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VOL. 121 | NO. 163 | Tuesday, August 22, 2006

The Sound of Music Makes Itself Heard

Several high-profile showbiz projects are in the works locally

By Andy Meek

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LOCAL POWER: Luther Dickinson, Chris Chew and Cody Dickinson of the North Mississippi Allstars band are among several local acts producing high-profile music and film projects. -- Photograph Courtesy Of Big Hassle Media

In Jerry Schilling's new book, "Me and a Guy Named Elvis: My Lifelong Friendship with Elvis Presley," Memphis music is as much a central character as Schilling himself, the youngest member of Elvis' famed Memphis Mafia.

The book, packed with stories of Schilling's 23-year friendship with Elvis, was released nationwide last Thursday.

"I owe so much to Memphis music, because it has been the soundtrack to my life," Schilling said by phone from a hotel room in New York City last week, in the midst of a whirlwind publicity blitz surrounding the book.

He's definitely not the only one who feels that way. While Memphis music has been the soundtrack to his own extraordinary life, it's also the literal soundtrack to no less than four separate local projects at the moment.

'Too much love'

They include a small-scale independent movie, a cable TV show, and two major Hollywood films, one in wide-release now and the other to come soon.

One of those projects is partly the creation of acclaimed Memphis musicians Harlan T. Bobo and Scott Bomar. The former is a colorful singer-songwriter who doesn't use his given name and who recently released a CD that drew on his failed romantic relationship with local artist Yvonne Bobo. The latter is a veteran performer whose list of recent credits includes scoring director Craig Brewer's film "Hustle & Flow."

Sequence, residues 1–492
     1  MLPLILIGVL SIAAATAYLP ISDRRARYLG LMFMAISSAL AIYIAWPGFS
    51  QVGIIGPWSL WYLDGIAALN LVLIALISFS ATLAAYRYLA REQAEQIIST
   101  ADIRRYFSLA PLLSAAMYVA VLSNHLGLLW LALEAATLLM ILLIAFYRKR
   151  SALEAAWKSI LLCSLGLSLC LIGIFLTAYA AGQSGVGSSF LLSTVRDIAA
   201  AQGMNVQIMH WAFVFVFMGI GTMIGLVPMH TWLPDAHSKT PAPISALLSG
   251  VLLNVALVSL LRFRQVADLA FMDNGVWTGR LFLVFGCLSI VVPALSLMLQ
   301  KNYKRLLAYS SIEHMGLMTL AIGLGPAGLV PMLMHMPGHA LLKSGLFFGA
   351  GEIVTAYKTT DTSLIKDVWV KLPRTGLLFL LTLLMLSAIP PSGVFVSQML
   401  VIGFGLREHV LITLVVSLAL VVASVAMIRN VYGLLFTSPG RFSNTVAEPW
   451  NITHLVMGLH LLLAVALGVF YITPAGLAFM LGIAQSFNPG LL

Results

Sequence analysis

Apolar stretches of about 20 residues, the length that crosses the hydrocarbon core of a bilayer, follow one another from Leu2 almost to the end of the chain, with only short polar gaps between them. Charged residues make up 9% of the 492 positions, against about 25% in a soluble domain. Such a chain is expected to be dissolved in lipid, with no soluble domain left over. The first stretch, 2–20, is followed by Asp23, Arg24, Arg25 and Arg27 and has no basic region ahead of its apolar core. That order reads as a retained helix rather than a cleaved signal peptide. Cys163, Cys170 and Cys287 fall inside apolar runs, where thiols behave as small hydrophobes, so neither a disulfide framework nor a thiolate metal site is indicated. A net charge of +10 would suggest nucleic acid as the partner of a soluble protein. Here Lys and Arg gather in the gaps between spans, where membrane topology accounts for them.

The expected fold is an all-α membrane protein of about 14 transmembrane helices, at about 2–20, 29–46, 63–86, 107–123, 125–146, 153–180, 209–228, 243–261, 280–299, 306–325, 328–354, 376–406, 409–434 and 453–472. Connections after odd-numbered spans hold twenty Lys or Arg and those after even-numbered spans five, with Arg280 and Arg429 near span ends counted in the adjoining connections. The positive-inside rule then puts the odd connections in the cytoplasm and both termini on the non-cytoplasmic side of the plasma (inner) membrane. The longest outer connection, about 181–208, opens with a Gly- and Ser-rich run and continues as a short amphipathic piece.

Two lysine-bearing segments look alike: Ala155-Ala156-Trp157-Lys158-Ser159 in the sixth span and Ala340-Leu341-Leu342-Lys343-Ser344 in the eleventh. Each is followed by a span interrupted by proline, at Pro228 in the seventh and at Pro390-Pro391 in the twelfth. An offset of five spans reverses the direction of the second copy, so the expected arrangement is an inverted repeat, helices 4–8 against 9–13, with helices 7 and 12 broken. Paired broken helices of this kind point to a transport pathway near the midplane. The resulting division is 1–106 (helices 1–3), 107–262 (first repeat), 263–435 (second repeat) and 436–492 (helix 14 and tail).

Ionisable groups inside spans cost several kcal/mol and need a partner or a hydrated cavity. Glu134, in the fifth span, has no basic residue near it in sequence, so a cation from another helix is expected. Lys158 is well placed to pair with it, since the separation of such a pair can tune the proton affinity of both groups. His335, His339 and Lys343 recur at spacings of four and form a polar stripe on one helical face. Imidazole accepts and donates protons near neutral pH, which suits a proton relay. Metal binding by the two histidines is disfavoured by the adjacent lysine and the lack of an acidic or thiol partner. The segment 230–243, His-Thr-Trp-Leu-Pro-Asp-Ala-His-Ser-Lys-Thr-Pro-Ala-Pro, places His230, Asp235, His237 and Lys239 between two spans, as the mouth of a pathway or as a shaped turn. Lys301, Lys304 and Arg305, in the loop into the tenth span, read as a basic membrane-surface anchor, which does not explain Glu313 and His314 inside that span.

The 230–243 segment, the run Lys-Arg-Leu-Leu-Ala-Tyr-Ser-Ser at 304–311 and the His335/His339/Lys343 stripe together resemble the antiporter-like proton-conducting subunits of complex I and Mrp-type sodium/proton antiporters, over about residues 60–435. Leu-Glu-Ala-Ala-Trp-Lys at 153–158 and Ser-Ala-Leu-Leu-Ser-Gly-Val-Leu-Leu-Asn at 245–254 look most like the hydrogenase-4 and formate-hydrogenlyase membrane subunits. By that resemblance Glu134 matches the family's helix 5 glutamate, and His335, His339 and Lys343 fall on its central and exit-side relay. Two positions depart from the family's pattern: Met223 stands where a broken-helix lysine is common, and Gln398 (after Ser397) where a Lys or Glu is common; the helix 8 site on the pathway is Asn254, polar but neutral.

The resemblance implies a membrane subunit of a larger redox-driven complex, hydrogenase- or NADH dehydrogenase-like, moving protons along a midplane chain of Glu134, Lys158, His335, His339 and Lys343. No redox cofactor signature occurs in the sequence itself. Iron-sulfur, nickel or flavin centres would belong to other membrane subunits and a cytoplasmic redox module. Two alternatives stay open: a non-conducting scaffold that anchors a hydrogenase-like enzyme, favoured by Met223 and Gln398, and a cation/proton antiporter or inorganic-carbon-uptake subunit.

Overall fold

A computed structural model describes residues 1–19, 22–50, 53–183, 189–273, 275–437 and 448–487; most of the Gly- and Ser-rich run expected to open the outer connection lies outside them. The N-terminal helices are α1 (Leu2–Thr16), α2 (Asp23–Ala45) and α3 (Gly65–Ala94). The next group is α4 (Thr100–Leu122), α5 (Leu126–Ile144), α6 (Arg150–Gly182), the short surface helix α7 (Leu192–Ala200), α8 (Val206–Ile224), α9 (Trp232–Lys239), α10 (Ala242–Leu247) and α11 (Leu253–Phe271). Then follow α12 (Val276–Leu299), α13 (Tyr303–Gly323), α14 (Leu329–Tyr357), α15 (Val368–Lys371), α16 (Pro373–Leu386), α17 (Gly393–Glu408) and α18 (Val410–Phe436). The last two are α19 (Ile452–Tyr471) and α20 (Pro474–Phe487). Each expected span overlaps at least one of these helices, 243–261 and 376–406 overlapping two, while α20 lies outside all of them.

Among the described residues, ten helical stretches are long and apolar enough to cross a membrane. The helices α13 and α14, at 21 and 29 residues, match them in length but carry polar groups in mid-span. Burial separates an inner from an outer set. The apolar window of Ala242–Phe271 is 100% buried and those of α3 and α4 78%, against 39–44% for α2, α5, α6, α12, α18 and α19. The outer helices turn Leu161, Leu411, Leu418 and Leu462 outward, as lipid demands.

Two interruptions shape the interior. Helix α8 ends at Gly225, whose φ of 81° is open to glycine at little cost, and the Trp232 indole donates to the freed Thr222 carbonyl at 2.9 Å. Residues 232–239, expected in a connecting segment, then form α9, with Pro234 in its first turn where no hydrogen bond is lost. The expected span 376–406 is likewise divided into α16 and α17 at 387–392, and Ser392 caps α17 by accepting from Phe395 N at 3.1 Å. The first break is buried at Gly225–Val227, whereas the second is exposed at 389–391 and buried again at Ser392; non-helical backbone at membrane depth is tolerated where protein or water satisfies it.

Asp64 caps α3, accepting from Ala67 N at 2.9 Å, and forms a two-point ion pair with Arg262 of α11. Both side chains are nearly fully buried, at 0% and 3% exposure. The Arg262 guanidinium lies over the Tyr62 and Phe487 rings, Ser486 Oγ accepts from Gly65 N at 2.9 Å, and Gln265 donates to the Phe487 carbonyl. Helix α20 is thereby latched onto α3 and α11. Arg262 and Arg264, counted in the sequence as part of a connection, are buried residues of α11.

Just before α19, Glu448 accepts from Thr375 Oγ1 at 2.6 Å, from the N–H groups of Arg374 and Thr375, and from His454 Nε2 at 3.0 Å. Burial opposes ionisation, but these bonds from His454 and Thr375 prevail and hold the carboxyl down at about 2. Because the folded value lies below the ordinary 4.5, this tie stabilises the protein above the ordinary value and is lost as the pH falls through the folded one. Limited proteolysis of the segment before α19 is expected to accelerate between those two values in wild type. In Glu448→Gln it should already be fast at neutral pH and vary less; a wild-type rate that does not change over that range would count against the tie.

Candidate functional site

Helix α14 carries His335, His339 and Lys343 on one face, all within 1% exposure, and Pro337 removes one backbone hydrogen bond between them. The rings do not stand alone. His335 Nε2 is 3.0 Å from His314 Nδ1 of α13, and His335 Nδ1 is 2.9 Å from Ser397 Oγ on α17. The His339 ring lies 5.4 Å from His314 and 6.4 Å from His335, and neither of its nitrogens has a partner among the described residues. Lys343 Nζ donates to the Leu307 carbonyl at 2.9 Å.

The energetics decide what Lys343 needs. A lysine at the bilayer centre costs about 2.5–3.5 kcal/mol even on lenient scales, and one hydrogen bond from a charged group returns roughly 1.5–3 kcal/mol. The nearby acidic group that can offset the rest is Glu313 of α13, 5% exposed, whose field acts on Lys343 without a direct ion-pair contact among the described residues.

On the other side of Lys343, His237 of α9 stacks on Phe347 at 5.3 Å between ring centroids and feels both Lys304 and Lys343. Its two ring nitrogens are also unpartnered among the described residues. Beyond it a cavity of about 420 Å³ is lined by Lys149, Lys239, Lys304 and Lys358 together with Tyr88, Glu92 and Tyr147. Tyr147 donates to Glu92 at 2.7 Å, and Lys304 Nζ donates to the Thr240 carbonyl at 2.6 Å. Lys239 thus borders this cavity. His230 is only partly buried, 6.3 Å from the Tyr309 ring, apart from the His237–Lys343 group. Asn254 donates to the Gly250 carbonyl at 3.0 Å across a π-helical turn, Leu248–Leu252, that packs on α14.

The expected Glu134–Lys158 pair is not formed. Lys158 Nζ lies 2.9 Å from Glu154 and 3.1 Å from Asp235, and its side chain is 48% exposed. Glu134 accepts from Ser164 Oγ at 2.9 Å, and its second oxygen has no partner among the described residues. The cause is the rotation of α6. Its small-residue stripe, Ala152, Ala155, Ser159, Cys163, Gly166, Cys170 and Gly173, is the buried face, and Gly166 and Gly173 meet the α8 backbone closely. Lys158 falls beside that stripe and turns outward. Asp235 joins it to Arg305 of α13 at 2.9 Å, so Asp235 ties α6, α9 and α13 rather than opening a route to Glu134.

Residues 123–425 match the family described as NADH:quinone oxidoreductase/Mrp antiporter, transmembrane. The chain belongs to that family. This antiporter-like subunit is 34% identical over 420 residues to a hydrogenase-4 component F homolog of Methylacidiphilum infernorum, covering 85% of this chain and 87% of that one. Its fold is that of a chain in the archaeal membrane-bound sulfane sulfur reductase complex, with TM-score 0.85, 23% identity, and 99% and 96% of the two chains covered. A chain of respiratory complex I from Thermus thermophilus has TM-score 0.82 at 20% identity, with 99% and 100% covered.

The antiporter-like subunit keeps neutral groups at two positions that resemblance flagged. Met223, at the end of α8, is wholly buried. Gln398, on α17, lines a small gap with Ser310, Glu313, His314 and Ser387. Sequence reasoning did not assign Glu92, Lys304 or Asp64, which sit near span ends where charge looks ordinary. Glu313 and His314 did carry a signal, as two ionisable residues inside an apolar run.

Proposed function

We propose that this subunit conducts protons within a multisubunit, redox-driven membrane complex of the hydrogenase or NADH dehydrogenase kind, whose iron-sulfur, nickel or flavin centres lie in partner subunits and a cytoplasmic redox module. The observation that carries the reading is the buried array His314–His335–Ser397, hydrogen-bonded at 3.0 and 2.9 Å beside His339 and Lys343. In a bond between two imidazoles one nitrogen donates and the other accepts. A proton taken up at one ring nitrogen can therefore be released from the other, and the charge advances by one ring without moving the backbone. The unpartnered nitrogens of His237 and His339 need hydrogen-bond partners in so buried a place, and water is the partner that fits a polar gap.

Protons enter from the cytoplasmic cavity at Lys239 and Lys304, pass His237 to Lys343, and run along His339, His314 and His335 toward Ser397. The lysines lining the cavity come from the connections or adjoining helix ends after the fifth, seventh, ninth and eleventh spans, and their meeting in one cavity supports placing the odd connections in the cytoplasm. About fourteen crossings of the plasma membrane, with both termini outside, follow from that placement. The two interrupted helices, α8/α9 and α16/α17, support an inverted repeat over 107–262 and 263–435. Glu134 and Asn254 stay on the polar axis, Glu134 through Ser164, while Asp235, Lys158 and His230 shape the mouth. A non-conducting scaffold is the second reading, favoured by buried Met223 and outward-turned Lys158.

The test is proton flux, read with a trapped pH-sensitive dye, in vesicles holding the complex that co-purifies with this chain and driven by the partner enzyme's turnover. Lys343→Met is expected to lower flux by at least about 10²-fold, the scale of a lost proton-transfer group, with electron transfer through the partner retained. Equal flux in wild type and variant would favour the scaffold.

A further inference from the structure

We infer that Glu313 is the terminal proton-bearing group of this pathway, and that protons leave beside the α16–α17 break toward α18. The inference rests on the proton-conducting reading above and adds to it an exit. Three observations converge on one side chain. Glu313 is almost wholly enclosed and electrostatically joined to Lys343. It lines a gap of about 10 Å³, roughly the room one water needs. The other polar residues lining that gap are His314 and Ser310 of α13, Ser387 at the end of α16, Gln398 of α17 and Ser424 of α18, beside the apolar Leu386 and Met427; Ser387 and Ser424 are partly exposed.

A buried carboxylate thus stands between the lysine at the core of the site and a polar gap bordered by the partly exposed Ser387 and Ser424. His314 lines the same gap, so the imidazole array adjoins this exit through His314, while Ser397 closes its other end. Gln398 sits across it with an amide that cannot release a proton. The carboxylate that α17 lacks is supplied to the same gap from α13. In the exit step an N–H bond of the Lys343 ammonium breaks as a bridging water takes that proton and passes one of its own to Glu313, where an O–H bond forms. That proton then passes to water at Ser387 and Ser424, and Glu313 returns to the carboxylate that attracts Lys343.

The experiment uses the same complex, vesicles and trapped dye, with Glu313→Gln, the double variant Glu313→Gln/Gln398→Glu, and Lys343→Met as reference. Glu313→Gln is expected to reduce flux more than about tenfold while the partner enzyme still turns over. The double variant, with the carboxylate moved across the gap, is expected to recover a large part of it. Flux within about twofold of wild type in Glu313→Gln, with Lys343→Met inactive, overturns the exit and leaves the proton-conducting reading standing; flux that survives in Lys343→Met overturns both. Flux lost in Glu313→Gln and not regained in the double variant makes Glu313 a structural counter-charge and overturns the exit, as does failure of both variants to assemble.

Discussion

Together - along with a third musician based in Hollywood - they're creating the soundtrack to a Showtime reality TV show that chronicles the lives of couples in sex therapy. It's a mostly acoustic-based set of drearily melodic tunes.

Bobo, on a recent weekday, was tinkering with his audio equipment software in his home studio in Midtown. The sound of the tunes is sparse. There are sweet backing vocals and, at times, a dominant rhythm-and-blues vibe, all of which Bobo was working out in his upstairs studio.

"I've never really done something like this before," said the singer, who released his debut album "Too Much Love" earlier this year and who's at work on another. "I've written about 100 pieces of music that are about song-length - three minutes long - for this show in three months' time."

"I'll usually wake up in the morning, work till 1 o'clock - just a hamster in a cage," he groaned, good-naturedly. "The show's been airing for about five weeks now, and we'll probably be done in two more weeks."

A dad's life

Then there's Robby Grant, a father of two who works at the local communications firm archer>malmo. He's also a Memphis singer-songwriter and is writing the music for an independent film his friend is shooting in South Carolina, "The Hanged Man."